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OF

JESUS, THE CHRIST.

BY

HENRY WARD BEECHER.

Ellustrated.

“But when the fulness of the time was come, God sent forth his Son, made of a woman, made
under the law, to redeem them that were under the law.” – Gal. iv. 4, 5.

NEW YORK:
J. B. FORD AND COMPANY.
EDINBURGH AND LONDON: THOMAS NELSON & SONS.

1871.
[411 rights reserved.]

Entered according to Act of Congress, in the year 1871,

BY J. B. FORD AND COMPANY,

in the Office of the Librarian of Congress, at Washington.

WELCH,
BICELOW,

& CO.
UNIVERSITY

PRESS.

PREFACE.

I

HAVE undertaken to write a Life of Jesus, the Christ, in

the hope of inspiring a deeper interest in the noble Personage of whom those matchless histories, the Gospels of Matthew, Mark, Luke, and John are the chief authentic memorials. I have endeavored to present scenes that occurred two thousand years ago as they would appear to modern eyes if the events had taken place in our day.

The Lives of Christ which have appeared of late years have naturally partaken largely of the dialectic and critical spirit. They have either attacked or defended. The Gospel, like a city of four gates, has been taken and retaken by alternate parties, or held in part by opposing hosts, while on every side the marks of siege and defence cover the ground. This may be unfortunate, but it is necessary. As long as great learning and acute criticism are brought to assail the text of the Gospels, their historic authenticity, the truth of their contents, and the ethical nature of their teachings, so long must great learning and sound philosophy be brought to the defence of those precious documents.

But such controversial Lives of Christ are not the best for general reading While they may lead scholars from doubt to certainty, they are likely to lead plain people from certainty into doubt, and to leave them there. I have therefore studi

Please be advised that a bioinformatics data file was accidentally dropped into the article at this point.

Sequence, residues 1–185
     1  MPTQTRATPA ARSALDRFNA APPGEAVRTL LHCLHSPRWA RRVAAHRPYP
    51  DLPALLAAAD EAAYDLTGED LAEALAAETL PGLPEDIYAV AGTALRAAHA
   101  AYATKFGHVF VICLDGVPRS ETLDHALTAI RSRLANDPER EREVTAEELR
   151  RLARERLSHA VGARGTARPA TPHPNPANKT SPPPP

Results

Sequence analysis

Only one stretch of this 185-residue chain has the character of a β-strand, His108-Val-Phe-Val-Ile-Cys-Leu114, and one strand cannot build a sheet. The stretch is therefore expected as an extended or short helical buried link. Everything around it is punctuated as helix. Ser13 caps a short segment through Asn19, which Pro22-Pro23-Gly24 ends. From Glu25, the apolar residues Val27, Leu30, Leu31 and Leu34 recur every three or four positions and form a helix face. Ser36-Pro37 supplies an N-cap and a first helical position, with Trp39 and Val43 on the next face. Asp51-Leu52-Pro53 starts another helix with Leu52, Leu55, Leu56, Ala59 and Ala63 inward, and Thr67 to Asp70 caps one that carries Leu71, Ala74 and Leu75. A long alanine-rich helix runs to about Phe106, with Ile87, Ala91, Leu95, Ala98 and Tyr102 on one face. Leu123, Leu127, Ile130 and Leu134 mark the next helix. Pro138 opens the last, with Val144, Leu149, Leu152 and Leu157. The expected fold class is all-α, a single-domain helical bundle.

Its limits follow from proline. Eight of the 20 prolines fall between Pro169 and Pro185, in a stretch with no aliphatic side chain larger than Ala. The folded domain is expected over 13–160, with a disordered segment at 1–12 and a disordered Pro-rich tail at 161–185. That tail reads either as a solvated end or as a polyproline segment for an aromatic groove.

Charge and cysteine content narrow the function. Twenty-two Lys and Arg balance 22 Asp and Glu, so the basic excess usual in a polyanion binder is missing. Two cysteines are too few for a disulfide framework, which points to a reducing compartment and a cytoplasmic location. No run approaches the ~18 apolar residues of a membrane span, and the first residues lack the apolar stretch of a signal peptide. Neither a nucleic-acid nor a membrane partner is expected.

ously avoided a polemic spirit, seeking to produce conviction without controversy.

Joubert? finely says: “State truths of sentiment, and do not try to prove them. There is danger in such proofs; for in arguing it is necessary to treat that which is in question as something problematic; now that which we accustom ourselves to treat as problematic ends by appearing to us as really doubtful. In things that are visible and palpable, never prove what is believed already ; in things that are certain and mysterious, — mysterious by their greatness and by their nature, make people believe them, and do not prove them ; in things that are matters of practice and duty, command, and do not explain. 'Fear God' has made many men pious; the proofs of the existence of God have made many men atheists. From the defiance springs the attack; the advocate begets in his hearer a wish to pick holes; and men are almost always led on from a desire to contradict the doctor to the desire to contradict the doctrine. Make Truth lovely, and do not try to arm her.”

The history of the text, the authenticity of the several narratives, the many philosophical questions that must arise in such a field, I have not formally discussed; still less have I paused to dispute and answer the thousands of objections which swarm around the narrative in the books of the sceptical school of criticism. Such a labor, while very important, would constitute a work quite distinct from that which I have proposed, and would infuse into the discussion a controversial element which I have especially sought to avoid, as inconsistent with the moral ends which I had in view.

1 As quoted by Matthew Arnold, Essays in Criticism, p. 234 (London ed.), 1865.

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